Contracts as Reference Points - Experimental Evidence [report]

Ernst Fehr, Oliver Hart, Christian Zehnder
2008 unpublished
In a recent paper Hart and Moore (2008) develop a theory which provides a basis for long-term contracts in the absence of noncontractible investments. The theory is also capable of rationalizing the employment contract, which fixes wages in advance and leaves discretion to the employer. However, the theory rests on strong behavioral assumptions that lack direct empirical support and deviate in important ways from the assumptions made in standard contract theory. For this reason, and because the
more » ... on, and because the theory has the potential to cast new light on the theory of the firm 1 , it seems important to test it. In this paper, we provide such a test by carrying out a controlled laboratory experiment. In doing so, we identify new behavioral forces that cannot be explained either by traditional contract theory or by existing behavioral models. These forces are, however, predicted by the Hart-Moore notion that competitively determined contracts serve as reference points. It is useful to start with some background and motivation. According to the standard incomplete contracts literature, trading parties find it difficult to write a longterm contract because the future is hard to foresee. As time passes and uncertainty is resolved, the parties can complete their contract through renegotiation. The typical model supposes symmetric information and no wealth constraints, so that Coasian bargaining ensures ex post efficiency. However, there is a hold-up problem: as a consequence of renegotiation, each party shares some of the fruits of prior (noncontractible) investments with the other party. Anticipating this, each party underinvests. 1 See, e.g., Hart ((2008) introduce new behavioral assumptions that can explain long-term contracts and the employment relation. We examine experimentally their idea that contracts serve as reference points. The evidence confirms the prediction that there is a trade-off between rigidity and flexibility. Flexible contracts-which would dominate rigid contracts under standard assumptions-cause significant shading in ex post performance, while under rigid contracts much less shading occurs. The experiment appears to reveal a new behavioral force: ex ante competition legitimizes the terms of a contract, and aggrievement and shading occur mainly about outcomes within the contract. (JEL D44, D86, J41)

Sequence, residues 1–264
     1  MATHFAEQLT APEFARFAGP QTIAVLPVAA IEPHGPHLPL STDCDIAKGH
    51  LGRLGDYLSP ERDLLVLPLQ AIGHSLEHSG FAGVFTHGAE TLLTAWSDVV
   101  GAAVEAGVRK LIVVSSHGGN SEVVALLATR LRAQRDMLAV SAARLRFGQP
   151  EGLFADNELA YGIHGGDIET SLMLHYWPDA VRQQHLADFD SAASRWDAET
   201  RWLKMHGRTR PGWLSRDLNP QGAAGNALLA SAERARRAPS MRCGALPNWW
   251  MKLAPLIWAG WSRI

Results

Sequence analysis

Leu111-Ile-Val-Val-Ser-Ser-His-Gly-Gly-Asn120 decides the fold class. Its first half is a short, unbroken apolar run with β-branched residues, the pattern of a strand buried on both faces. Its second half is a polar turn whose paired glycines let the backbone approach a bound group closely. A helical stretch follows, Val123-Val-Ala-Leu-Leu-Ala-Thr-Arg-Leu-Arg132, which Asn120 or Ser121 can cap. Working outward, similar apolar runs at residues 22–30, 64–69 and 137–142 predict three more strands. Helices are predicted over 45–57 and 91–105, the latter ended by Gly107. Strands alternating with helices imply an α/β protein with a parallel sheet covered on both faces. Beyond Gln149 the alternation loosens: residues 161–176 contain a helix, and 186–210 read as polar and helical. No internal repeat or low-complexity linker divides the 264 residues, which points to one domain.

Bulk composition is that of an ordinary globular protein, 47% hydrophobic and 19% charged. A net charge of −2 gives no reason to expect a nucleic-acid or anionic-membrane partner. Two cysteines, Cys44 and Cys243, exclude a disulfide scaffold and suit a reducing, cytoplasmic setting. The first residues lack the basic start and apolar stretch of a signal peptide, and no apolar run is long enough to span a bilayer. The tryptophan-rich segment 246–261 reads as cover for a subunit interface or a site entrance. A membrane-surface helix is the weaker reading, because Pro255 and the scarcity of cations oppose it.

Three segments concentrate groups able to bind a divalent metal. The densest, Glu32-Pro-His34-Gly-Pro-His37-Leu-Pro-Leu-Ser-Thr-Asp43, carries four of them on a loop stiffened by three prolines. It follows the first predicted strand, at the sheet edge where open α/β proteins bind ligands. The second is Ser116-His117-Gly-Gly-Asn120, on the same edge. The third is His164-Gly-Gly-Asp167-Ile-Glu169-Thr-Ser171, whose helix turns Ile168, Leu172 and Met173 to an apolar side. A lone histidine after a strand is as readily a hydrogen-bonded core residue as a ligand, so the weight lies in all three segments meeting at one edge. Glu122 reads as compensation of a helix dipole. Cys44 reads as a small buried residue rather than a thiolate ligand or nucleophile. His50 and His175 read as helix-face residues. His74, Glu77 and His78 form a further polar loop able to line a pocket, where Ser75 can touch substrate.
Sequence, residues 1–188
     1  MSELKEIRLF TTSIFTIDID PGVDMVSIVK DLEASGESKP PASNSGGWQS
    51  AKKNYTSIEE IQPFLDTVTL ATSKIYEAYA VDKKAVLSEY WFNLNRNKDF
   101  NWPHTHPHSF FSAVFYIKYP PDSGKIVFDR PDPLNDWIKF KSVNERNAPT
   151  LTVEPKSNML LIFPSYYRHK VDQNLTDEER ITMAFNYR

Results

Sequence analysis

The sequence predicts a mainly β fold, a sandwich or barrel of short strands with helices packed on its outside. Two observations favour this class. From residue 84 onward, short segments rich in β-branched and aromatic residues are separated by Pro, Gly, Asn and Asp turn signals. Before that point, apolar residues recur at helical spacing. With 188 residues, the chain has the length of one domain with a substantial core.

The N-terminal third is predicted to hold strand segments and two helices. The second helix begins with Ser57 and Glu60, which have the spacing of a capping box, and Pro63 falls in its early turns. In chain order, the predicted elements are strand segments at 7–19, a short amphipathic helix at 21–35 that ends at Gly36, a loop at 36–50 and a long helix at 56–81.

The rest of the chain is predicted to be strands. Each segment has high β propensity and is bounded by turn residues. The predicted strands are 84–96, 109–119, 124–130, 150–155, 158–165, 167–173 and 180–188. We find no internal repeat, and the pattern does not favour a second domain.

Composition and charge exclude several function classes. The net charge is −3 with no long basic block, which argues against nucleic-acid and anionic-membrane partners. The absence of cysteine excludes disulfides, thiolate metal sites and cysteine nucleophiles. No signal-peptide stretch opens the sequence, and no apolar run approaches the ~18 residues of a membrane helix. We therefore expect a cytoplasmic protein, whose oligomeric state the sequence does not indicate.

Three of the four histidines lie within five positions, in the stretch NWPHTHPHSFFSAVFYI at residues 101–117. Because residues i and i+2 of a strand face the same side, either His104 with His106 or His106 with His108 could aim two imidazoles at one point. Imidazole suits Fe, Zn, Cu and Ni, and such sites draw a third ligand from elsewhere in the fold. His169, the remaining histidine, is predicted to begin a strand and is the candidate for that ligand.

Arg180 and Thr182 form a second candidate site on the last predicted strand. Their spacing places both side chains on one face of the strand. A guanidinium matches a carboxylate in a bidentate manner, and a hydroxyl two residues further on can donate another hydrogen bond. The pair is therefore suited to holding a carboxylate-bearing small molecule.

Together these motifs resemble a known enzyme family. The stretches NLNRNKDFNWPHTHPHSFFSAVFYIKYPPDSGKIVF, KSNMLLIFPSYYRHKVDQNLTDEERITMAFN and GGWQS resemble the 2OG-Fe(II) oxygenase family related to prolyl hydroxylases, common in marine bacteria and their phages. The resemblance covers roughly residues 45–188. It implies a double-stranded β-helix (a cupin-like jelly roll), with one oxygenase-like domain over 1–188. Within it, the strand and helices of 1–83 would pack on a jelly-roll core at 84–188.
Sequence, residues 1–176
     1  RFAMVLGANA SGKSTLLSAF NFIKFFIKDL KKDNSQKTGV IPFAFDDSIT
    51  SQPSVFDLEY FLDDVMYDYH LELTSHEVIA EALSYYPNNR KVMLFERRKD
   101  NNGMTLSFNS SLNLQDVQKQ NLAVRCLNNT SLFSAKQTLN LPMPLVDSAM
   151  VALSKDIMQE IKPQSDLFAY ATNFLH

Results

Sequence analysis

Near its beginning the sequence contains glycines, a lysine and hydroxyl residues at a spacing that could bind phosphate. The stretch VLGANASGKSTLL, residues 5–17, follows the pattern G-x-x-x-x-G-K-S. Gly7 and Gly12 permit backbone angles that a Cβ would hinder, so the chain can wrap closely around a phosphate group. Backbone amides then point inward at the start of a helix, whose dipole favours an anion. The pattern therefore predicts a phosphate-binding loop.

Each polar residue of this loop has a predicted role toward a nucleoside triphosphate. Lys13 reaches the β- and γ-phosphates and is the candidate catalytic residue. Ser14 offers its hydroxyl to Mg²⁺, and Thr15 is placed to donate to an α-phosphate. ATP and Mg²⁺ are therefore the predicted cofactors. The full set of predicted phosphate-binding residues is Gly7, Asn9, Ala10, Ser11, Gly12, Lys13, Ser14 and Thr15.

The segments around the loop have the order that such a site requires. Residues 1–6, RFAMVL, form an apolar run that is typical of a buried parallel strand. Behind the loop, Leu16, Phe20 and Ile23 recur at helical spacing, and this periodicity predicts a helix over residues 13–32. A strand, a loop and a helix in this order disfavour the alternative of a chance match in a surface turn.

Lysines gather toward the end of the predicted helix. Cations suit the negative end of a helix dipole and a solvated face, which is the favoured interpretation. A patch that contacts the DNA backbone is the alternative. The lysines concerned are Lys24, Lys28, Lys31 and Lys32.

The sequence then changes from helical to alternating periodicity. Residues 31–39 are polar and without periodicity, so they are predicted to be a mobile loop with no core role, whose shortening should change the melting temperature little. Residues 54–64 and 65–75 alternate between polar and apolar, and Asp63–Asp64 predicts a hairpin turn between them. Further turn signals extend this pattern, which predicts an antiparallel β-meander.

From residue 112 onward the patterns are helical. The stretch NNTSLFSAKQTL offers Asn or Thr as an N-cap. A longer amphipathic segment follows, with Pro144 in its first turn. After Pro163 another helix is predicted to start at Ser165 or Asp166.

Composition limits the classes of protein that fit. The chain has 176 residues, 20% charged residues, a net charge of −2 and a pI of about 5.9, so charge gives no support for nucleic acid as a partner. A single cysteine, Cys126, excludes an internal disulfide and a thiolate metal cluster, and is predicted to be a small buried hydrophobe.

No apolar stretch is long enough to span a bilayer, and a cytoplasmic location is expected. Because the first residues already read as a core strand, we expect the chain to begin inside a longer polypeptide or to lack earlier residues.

doi:10.3386/w14501 fatcat:ou4no4e5mbezphl77prcd3fdhy